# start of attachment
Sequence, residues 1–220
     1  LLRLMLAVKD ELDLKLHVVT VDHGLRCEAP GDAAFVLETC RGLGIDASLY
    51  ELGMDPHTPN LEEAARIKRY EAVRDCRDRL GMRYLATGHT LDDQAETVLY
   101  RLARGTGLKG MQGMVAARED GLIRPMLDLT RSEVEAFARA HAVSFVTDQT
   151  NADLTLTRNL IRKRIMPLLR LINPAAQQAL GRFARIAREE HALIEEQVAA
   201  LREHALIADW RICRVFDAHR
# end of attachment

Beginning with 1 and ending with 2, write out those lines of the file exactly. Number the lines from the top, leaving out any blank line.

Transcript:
Sequence, residues 1–220
     1  LLRLMLAVKD ELDLKLHVVT VDHGLRCEAP GDAAFVLETC RGLGIDASLY